Contribution of Wordsworth, Coleridge and Southey to English Romanticism
The publication in 1798 of Lyrical Ballads, with many of the finest poems by Wordsworth and Coleridge, is often held to mark the start of the English Romantic movement. Lyrical Ballads differs in marked ways from Wordsworth’s early poetry: notably the uncompromising simplicity of much of the language, the strong sympathy for rustic life, and the fusion of natural description with expressions of inward states of mind. The poems Wordsworth added to the 1800 edition of the Lyrical Ballads are among the best of his achievements.
Many critics rank The Prelude as Wordsworth’s greatest work. In 1807 Poems in Two Volumes was published. The work contains much of Wordsworth’s finest verse, notably the super “Ode: Intimations of Immortality,” the autobiographical narrative “Resolution and Independence,” and many of his well-known sonnets. And The Excursion was published in 1814.
According to the subjects, Wordsworth’s short poems can be classified into two groups: poems about nature and poems about human life. Wordsworth is regarded as a “worshipper of nature.” He can penetrate to the heart of things and give the reader the very life of nature. Secondly, Wordsworth thinks that common life is the only subject of literary interest. The joys and sorrows of the common people are his themes. Wordsworth is also a poet in memory of the past. To him, life is a cyclical journey.
Wordsworth’s deliberate simplicity and refusal to decorate the truth of experience produced a kind of pure and profound poetry which no other poet has ever equaled. In defense of his unconventional theory of poetry, Wordsworth wrote a “Preface” to the second edition of the Lyrical Ballads, which appeared in 1801. His premise was that the source of poetic truth is the direct experience of the senses. Poetry, he asserted, originates from “emotion recollected in tranquility.”
Samuel Taylor Coleridge’s (1772-1834) poems can be divided into two groups: the demonic and the conversational.
The first group includes the poets three masterpieces: “The Rime of the Ancient Mariner”, “Christabel” “Kubla Khan”. The group is characterized by visionary memory, supernatural happenings, and magic powers which are fantastic, and in some places horrible, but also charming in their own way.
The second group expresses the poet’s thought in a seemingly conversation. For example, “Frost at Midnight,” the most important poem of the group, is a record of his personal thought in a midnight solitude on his infant son, and “Dejection: An Ode” is also an intimate personal piece in which the poet utters his innermost thoughts and sentiments. This group speaks more directly of an allied theme, the desire to go home, and to “an improved infancy.”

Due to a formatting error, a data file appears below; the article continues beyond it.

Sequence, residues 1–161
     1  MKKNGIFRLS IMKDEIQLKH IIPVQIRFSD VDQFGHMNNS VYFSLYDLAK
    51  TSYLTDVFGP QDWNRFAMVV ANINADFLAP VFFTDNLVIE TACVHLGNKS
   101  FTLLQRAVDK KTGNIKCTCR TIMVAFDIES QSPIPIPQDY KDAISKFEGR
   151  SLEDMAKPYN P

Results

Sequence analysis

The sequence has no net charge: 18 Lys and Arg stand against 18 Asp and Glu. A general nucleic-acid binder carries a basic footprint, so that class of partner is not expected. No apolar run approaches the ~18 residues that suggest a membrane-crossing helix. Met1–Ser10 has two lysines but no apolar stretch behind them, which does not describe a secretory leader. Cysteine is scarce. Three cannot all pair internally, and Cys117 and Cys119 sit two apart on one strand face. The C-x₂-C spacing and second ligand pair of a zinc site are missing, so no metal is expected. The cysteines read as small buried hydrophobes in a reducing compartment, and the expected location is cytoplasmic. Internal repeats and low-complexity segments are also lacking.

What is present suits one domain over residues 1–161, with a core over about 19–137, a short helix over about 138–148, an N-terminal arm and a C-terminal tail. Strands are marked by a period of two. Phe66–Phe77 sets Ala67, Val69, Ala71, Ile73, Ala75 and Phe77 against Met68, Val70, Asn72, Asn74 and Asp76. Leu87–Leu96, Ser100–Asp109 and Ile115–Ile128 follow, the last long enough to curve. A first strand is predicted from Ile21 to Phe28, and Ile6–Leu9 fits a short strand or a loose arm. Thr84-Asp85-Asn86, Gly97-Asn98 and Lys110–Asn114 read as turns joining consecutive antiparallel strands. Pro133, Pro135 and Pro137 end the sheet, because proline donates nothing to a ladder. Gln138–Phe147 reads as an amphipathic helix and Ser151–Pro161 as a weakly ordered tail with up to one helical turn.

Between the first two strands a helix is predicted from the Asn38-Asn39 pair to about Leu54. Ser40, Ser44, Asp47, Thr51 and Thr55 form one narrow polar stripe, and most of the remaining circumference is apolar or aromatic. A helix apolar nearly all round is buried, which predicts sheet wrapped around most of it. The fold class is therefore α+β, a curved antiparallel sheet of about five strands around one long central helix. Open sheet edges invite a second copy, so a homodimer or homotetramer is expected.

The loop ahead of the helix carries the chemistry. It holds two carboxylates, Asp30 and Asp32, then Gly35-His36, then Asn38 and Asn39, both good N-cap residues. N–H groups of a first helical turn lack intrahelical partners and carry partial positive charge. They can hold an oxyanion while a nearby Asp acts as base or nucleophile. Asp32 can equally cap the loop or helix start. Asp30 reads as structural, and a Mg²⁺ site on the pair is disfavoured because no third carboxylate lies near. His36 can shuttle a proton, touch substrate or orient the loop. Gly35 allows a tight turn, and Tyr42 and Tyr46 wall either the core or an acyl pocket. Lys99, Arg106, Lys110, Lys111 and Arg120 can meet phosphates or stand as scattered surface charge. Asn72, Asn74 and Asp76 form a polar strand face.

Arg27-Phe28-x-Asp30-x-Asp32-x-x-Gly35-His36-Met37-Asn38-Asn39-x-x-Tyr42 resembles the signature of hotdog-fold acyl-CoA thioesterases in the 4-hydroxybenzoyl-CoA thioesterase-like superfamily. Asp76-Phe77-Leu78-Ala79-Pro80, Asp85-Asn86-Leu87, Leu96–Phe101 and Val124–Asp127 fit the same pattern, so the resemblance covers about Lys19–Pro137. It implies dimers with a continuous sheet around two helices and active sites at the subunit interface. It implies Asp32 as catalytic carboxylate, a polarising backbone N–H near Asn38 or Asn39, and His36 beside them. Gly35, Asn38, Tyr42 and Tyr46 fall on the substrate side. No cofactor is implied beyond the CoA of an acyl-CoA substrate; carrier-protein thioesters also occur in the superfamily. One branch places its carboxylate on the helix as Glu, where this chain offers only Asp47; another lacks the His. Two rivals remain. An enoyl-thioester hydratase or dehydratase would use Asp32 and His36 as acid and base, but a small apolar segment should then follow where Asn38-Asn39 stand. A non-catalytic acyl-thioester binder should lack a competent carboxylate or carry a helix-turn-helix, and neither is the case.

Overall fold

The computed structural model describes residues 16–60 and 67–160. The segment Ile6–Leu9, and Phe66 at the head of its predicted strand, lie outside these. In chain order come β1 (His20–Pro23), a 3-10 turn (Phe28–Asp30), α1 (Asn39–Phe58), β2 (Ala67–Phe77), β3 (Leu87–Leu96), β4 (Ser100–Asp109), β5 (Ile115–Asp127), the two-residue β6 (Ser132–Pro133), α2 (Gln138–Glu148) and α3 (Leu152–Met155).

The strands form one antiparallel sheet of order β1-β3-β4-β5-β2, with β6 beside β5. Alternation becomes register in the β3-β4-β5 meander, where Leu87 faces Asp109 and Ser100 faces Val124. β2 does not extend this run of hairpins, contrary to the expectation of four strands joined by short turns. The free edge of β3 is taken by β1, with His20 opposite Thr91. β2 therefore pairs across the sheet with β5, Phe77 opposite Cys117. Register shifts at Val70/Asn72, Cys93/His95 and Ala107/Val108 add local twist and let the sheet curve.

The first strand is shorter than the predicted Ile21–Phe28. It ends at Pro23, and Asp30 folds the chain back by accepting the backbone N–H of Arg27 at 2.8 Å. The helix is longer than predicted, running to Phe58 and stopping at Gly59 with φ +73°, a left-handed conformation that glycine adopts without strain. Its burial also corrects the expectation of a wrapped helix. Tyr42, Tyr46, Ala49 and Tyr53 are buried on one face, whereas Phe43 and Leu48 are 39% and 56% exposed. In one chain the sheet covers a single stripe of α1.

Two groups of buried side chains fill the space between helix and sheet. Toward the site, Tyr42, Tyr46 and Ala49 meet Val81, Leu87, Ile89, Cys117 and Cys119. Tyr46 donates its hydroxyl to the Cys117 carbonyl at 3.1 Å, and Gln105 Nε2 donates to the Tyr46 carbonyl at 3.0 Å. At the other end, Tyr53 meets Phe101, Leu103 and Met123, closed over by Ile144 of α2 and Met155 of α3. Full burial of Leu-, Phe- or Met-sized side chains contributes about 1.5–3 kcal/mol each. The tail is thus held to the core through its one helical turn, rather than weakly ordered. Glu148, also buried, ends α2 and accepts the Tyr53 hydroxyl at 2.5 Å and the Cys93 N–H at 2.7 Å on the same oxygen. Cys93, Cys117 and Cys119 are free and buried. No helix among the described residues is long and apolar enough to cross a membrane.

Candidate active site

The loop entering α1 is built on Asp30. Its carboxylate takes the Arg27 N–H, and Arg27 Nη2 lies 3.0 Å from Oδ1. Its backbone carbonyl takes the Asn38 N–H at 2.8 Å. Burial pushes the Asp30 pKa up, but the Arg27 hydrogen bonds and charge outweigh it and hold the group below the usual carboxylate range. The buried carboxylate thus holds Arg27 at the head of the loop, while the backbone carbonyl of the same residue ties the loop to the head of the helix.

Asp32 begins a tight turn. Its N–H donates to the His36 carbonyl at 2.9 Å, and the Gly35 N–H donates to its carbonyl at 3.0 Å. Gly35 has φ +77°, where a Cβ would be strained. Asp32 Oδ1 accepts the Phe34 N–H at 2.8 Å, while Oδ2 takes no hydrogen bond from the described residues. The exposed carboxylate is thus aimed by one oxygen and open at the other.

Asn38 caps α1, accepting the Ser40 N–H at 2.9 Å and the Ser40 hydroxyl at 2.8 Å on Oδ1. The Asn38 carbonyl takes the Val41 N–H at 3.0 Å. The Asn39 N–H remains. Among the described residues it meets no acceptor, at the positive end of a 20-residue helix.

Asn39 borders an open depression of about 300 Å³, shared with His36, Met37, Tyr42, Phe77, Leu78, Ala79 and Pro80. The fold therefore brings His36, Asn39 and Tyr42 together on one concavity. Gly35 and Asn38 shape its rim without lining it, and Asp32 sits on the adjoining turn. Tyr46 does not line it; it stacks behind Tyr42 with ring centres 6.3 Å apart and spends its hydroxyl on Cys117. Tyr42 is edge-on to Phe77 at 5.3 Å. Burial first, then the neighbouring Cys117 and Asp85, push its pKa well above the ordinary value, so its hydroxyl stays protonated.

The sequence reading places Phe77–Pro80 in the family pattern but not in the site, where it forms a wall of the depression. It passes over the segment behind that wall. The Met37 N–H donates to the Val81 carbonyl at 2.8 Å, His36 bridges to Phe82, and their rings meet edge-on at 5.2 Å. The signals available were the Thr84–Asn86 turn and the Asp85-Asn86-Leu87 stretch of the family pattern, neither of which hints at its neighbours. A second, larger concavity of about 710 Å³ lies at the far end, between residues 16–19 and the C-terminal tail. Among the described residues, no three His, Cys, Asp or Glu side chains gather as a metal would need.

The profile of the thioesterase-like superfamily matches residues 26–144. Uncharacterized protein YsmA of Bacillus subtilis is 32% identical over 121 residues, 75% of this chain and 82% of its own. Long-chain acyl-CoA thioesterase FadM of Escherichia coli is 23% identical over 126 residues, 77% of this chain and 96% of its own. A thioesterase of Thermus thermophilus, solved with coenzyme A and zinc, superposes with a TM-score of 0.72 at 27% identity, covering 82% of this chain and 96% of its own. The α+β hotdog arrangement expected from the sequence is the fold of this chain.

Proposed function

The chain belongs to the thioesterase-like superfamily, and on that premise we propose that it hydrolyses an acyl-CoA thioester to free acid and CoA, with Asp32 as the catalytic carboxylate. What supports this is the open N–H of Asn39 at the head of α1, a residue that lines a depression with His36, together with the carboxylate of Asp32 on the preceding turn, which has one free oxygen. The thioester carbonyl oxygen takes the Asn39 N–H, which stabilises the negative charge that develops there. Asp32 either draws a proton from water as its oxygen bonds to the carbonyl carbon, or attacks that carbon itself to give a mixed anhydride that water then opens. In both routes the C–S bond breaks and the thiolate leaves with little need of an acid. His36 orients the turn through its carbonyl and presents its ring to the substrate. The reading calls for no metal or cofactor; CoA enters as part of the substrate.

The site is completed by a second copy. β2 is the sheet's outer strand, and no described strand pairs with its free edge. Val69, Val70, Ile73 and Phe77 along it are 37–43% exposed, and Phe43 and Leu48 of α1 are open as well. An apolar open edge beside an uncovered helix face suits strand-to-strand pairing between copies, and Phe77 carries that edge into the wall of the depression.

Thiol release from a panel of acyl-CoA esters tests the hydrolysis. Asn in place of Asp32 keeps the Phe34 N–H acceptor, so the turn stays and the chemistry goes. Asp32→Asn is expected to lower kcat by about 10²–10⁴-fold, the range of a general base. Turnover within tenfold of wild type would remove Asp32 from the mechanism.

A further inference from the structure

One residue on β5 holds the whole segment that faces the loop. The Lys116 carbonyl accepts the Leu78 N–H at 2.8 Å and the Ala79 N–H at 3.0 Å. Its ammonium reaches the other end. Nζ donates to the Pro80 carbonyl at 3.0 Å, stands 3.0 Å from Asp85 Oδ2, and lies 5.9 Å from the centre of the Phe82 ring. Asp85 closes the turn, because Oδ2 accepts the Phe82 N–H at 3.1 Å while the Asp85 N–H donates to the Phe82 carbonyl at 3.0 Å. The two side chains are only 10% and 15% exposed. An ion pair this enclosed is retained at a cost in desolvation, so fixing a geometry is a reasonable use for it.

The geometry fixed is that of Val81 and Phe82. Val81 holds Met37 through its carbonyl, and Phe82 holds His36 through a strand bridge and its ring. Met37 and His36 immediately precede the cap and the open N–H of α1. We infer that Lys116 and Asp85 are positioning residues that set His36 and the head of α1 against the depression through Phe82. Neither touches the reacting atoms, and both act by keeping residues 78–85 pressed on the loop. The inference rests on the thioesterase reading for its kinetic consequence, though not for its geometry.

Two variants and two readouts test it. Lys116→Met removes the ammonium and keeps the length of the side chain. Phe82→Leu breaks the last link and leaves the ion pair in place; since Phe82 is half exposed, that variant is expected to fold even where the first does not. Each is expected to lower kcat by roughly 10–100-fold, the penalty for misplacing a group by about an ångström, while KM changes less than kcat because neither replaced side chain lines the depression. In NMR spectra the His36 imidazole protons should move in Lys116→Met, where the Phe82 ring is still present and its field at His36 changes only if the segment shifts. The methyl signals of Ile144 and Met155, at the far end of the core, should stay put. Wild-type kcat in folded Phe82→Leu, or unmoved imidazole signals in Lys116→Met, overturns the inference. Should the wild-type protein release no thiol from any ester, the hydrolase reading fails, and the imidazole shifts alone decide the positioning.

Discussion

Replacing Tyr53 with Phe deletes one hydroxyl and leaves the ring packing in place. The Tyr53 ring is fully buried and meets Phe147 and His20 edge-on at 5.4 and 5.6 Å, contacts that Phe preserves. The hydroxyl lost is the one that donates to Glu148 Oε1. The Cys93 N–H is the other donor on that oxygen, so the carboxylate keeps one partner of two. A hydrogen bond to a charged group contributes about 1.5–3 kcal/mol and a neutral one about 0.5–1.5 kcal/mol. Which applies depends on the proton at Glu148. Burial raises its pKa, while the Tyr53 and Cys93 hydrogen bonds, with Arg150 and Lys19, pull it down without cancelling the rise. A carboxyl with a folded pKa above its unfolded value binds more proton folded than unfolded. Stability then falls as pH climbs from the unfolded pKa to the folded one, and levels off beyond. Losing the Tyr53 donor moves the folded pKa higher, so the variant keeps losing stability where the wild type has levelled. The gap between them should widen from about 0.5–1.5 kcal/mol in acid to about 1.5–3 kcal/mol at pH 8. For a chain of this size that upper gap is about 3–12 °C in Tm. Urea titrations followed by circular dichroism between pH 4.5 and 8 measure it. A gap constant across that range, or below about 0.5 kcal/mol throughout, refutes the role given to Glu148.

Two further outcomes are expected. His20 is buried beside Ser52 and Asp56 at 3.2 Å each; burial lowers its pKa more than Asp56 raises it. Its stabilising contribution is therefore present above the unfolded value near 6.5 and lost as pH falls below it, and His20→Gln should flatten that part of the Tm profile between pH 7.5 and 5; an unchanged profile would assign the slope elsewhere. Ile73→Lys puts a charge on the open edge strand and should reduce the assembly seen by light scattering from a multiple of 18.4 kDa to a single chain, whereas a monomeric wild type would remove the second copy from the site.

Coleridge is one of the first critics to give close critical attention to language, maintaining that the true end of poetry is to give pleasure “through the medium of beauty.” He sings highly Wordsworth’s “purity of language,” “deep and subtle thoughts,” “perfect truth to nature” and his “imaginative power.” But he denies Wordsworth’s claim that there is no essential difference between the language of poetry and the language spoken by common people. In analyzing Shakespeare, Coleridge emphasizes the philosophic aspect, reading more into the subject than the text and going deeper into the inner reality than only caring for the outer form.
Robert Southey was a poet of the English Romantic school, one of the so-called "Lake Poets", and Poet Laureate for 30 years from 1813 to his death in 1843. Although his fame has been long eclipsed by that of his contemporaries and friends William Wordsworth and Samuel Taylor Coleridge, Southey's verse still enjoys some popularity.
Wordsworth and Coleridge are the leading figures of the first phase English romantic poetry, the focal poetic voice of the period. They initiated romantic literature which was marked by a strange reaction and protest against the bondage of rule and custom in science and theology, as well as literature which generally fetter the free human spirit. Romantic poets are essentially subjective; self-revelation is a creed with them. In their poetry may be found much of their mind and spirit. They seem to take their readers into confidence and pour into their ears all their passions and pains, all their dreams and desires.